DragonFly kernel List (threaded) for 2011-05
Re: HAMMER2 design in progress - 1-2 year time frame
Didn't get the chance to say thank you for your reply - found it very
interesting and it definitely explained a few things.
It definitely think DragonFly is doing unique things with some very
novel approaches; best of luck with the implementation once it begins.
Thanks, Alex J Burke.
On 13 May 2011 16:10, Matthew Dillon <email@example.com> wrote:
> :I'm a DFBSD lurker and I certainly wouldn't profess to understand
> :everything in that document, but a comp sci degree means I just about
> :followed :)
> :I noticed you had decided not to store the versioned inodes in the
> :B-Tree, which I believe is what HAMMER 1 did. I was curious why that
> :was - I saw mention of not being able to have parent pointers in on
> :media structures, but want sure if it was related and what the impact
> :Otherwise, sounds pretty incredible; that any sub trees can be PFS,
> :writable snapshots and multiple roots are all ingenious.
> :Cheers, Alex J Burke.
> The B-Tree is a great indexing mechanism but it suffers from
> two big problems in HAMMER1.
> First it is very difficult to keep things organized for locality of
> reference. For example when you split a B-Tree node, the split node
> can wind up seriously far away from the original with regards to
> disk seek times. The seek inefficiencies are largely removed if one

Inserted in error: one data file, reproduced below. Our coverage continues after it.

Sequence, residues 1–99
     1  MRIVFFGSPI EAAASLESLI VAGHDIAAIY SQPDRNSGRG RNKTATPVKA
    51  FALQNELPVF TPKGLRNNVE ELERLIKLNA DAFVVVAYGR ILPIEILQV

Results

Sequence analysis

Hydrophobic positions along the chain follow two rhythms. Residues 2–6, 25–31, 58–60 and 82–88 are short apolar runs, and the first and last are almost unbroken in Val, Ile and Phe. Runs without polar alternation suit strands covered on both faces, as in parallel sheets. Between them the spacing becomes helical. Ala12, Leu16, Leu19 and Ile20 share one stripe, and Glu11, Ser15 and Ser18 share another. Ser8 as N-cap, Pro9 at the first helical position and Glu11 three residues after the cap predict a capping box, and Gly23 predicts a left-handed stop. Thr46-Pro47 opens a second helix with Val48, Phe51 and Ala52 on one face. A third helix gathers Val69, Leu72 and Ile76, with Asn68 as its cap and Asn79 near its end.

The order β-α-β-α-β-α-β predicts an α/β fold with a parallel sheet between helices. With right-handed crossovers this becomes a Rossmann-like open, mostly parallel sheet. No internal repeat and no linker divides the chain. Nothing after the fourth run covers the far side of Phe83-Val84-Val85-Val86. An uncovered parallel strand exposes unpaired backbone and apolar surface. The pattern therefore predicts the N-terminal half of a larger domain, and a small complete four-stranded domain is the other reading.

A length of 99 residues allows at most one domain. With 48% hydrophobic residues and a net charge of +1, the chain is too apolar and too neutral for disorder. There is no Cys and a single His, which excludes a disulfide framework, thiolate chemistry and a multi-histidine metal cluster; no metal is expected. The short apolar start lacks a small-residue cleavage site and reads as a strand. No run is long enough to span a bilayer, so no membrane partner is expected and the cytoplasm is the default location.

> uses swapcache.
> Second and more importantly, manipulation of the B-Tree requires
> an UNDO FIFO (which HAMMER1 implements). The UNDO FIFO is one of
> HAMMER1's most complex bits of code and how other implications as
> well, such as having to hold dirty buffers locked to prevent the
> kernel from writing them out too early (the UNDO data has to be
> flushed first).
> HAMMER2 primarily addresses the second point. By chasing blocks
> all the way to the root HAMMER2 doesn't need an UNDO FIFO at all,
> and (theoretically) doesn't need special handling of the buffer
> cache by the OS because write ordering no longer matters. The
> disk flush sequence prior to updating the volume root is still
> necessary but it's still far less complex than HAMMER1's UNDO
> The trade-off is that HAMMER2 currently does not index its inode space
> by inode number (there being no B-Tree or other data structure to
> maintain such an index in), which is its primary reason for not being
> able to support hardlinks. On the plus side the B-Tree in HAMMER1
> could support only simple snapshots while the block referential model
> HAMMER2 will use can also support writable snapshots (i.e. snapshot